Reinitiated viral RNA-dependent RNA polymerase resumes replication at a reduced rate.

Vilfan ID, Candelli A, Hage S, Aalto AP, Poranen MM, Bamford DH, Dekker NH - Nucleic Acids Res. (2008)

A reinitiated φ6 RdRP elongation complex (φ6EC) and randomly-initiated φ6 RdRP replication show distinct electrophoretic profiles on agarose gels. (A) Schematic of stalling and reinitiation of φ6EC. In the presence of three NTPs (ATP, GTP, CTP), a φ6EC is stalled at the 50th nt from the 3′-end of the template at temperature T1. The sequence elongated prior to stalling is shown in blue. After UTP addition, the stalled φ6EC reinitiates and synthesizes the complementary strand at temperature T2. (B) Agarose gel of the elongation intermediates after reinitiation of the stalled φ6EC on 4 kb ssRNA template. Aliquots were taken at different times after reinitiation (telong). Letters S and P indicate 4 kb ssRNA and 4 kb dsRNA, respectively. (C) Schematic of a randomly-initiated φ6 RdRP replication. 4 kb ssRNA was incubated with φ6 RdRP, and all four NTPs were subsequently added simultaneously. (D) Agarose gel of aliquots of randomly-initiated φ6 RdRP replication taken at different polymerization times (tpoly).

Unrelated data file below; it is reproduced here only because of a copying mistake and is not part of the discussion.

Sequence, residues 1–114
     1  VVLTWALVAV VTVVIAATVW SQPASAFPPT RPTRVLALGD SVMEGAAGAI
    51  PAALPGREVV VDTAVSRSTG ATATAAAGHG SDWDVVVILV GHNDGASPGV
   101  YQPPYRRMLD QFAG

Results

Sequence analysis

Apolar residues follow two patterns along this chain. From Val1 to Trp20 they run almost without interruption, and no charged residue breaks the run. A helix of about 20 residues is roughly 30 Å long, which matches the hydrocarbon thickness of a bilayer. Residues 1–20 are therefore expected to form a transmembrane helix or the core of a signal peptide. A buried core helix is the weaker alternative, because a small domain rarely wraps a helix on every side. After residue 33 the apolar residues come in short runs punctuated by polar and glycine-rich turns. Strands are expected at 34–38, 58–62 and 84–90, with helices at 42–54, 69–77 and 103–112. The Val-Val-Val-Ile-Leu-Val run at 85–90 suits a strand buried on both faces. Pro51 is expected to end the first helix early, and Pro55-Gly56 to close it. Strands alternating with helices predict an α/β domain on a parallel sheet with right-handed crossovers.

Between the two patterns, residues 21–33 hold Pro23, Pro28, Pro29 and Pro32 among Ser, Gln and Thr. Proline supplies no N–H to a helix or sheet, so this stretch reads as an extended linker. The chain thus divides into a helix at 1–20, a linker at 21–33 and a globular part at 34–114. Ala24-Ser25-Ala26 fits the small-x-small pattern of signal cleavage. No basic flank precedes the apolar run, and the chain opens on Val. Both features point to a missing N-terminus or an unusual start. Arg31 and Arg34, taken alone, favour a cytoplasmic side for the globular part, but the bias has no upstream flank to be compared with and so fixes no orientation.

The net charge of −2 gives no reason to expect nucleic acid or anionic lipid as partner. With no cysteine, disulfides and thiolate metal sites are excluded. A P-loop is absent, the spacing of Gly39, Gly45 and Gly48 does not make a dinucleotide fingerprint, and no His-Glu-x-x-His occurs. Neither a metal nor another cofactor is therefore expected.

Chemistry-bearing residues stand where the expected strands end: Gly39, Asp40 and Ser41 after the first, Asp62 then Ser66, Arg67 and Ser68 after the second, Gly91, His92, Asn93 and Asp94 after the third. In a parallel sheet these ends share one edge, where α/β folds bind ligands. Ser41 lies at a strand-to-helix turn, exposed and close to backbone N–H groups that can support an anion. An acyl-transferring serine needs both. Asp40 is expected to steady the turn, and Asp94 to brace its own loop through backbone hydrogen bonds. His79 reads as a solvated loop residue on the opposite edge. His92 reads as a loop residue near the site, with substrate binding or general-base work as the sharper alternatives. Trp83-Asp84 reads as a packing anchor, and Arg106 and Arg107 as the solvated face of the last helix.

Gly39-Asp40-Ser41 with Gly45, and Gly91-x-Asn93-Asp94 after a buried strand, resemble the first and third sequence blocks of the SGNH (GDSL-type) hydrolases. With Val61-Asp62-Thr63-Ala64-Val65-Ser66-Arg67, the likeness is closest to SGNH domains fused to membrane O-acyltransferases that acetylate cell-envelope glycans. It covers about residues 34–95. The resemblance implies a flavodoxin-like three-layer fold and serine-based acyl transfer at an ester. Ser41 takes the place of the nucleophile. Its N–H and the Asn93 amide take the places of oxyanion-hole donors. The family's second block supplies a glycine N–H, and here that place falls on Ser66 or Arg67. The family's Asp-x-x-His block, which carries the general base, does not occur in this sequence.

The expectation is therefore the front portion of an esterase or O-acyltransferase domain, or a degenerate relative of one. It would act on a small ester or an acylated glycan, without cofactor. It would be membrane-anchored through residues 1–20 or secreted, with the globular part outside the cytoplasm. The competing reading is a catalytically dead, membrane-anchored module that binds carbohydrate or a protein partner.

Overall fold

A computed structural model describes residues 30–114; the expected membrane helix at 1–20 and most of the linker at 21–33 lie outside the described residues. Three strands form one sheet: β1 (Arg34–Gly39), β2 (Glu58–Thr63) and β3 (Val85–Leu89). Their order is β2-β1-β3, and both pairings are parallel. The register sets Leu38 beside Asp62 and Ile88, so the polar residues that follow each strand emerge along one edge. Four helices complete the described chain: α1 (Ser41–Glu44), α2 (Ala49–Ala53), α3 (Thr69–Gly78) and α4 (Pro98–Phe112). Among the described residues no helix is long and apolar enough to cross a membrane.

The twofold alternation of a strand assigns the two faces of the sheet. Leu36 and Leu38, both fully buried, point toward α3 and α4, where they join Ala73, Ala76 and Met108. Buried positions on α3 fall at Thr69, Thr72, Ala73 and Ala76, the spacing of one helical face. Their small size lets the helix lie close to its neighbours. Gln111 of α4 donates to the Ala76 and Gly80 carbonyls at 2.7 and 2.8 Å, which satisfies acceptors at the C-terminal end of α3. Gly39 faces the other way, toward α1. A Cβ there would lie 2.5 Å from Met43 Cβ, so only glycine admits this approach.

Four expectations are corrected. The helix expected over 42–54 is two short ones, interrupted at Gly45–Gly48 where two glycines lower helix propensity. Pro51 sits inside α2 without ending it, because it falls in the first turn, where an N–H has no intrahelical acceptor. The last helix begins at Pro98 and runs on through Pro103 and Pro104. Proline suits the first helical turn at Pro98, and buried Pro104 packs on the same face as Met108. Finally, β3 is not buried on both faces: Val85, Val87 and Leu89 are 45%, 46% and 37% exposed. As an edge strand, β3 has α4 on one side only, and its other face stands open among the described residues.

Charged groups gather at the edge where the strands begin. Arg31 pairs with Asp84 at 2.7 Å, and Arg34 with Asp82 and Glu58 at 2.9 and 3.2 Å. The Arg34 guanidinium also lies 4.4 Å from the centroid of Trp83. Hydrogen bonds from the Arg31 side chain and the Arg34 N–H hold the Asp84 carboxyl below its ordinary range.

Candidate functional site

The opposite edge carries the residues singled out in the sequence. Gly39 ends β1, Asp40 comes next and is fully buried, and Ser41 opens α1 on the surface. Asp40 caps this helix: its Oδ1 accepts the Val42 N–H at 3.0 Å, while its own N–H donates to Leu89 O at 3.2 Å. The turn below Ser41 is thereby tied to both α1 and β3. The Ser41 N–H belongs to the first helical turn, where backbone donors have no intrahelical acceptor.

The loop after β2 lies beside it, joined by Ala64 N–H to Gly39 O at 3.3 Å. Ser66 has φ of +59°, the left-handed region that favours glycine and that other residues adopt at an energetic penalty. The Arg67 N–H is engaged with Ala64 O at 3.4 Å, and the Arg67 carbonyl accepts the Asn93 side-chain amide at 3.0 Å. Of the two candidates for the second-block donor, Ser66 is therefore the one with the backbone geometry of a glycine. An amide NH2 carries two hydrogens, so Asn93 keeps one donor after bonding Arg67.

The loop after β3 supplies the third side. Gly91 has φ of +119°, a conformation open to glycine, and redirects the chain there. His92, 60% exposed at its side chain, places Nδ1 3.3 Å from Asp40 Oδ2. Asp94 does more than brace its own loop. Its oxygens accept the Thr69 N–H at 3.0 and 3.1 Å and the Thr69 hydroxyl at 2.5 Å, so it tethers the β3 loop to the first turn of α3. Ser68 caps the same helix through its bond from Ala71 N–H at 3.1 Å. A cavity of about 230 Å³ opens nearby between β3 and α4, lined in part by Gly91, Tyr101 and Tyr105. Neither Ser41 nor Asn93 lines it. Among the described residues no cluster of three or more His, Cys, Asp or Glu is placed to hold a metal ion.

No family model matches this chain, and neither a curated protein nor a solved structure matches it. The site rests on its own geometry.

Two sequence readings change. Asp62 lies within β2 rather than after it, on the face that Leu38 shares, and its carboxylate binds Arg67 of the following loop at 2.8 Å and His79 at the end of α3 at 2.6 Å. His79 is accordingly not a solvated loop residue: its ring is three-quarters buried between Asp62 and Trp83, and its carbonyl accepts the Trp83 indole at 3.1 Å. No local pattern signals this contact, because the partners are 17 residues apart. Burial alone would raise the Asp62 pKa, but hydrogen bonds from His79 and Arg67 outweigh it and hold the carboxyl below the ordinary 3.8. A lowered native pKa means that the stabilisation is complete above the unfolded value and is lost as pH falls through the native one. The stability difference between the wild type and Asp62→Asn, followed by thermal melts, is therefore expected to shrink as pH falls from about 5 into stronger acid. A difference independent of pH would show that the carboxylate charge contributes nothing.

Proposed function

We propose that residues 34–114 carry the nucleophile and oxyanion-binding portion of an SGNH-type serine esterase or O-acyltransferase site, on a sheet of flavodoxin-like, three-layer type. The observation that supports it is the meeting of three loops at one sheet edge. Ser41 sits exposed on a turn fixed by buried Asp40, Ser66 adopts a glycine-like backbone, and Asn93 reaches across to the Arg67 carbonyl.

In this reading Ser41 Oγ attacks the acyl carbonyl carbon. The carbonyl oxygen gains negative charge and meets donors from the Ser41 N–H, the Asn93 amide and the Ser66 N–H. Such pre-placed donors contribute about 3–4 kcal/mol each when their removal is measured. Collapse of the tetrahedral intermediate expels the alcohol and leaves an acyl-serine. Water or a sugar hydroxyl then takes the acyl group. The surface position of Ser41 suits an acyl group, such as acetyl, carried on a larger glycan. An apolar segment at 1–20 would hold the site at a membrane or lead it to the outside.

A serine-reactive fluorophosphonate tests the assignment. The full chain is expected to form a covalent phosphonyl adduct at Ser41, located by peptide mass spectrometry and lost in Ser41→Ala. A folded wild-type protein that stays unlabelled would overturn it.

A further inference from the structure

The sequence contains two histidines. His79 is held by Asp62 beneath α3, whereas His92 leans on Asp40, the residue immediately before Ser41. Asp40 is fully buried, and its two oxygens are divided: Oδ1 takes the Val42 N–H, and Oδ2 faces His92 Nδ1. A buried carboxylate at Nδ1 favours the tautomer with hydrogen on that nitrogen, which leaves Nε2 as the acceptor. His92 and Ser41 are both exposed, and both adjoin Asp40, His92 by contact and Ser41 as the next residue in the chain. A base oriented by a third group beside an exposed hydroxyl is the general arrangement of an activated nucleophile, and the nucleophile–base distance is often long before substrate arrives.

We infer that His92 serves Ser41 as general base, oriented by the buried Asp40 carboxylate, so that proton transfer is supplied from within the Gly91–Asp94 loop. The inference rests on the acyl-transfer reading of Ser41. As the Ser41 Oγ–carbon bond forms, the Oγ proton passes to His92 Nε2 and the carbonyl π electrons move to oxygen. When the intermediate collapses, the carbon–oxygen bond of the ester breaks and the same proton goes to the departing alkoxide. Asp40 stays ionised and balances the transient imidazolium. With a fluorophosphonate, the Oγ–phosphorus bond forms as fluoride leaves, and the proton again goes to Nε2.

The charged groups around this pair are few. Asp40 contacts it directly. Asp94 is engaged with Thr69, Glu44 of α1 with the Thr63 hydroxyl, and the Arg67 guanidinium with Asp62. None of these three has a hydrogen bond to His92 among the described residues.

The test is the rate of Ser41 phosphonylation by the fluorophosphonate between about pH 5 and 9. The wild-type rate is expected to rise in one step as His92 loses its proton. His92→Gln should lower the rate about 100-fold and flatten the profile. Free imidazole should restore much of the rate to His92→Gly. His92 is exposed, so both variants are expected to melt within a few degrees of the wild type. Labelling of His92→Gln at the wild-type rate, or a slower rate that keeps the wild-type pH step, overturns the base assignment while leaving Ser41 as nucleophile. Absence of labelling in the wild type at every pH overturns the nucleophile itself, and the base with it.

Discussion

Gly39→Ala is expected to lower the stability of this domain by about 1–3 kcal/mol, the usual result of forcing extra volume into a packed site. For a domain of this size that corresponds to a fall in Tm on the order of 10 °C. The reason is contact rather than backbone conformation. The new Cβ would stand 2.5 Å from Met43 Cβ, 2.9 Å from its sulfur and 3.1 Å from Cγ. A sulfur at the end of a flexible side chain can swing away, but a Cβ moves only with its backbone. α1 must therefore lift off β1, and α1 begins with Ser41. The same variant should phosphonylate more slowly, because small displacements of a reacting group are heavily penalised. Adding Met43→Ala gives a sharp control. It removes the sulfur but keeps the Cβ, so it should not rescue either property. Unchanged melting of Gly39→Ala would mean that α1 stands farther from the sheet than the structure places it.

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Figure 2: A reinitiated φ6 RdRP elongation complex (φ6EC) and randomly-initiated φ6 RdRP replication show distinct electrophoretic profiles on agarose gels. (A) Schematic of stalling and reinitiation of φ6EC. In the presence of three NTPs (ATP, GTP, CTP), a φ6EC is stalled at the 50th nt from the 3′-end of the template at temperature T1. The sequence elongated prior to stalling is shown in blue. After UTP addition, the stalled φ6EC reinitiates and synthesizes the complementary strand at temperature T2. (B) Agarose gel of the elongation intermediates after reinitiation of the stalled φ6EC on 4 kb ssRNA template. Aliquots were taken at different times after reinitiation (telong). Letters S and P indicate 4 kb ssRNA and 4 kb dsRNA, respectively. (C) Schematic of a randomly-initiated φ6 RdRP replication. 4 kb ssRNA was incubated with φ6 RdRP, and all four NTPs were subsequently added simultaneously. (D) Agarose gel of aliquots of randomly-initiated φ6 RdRP replication taken at different polymerization times (tpoly).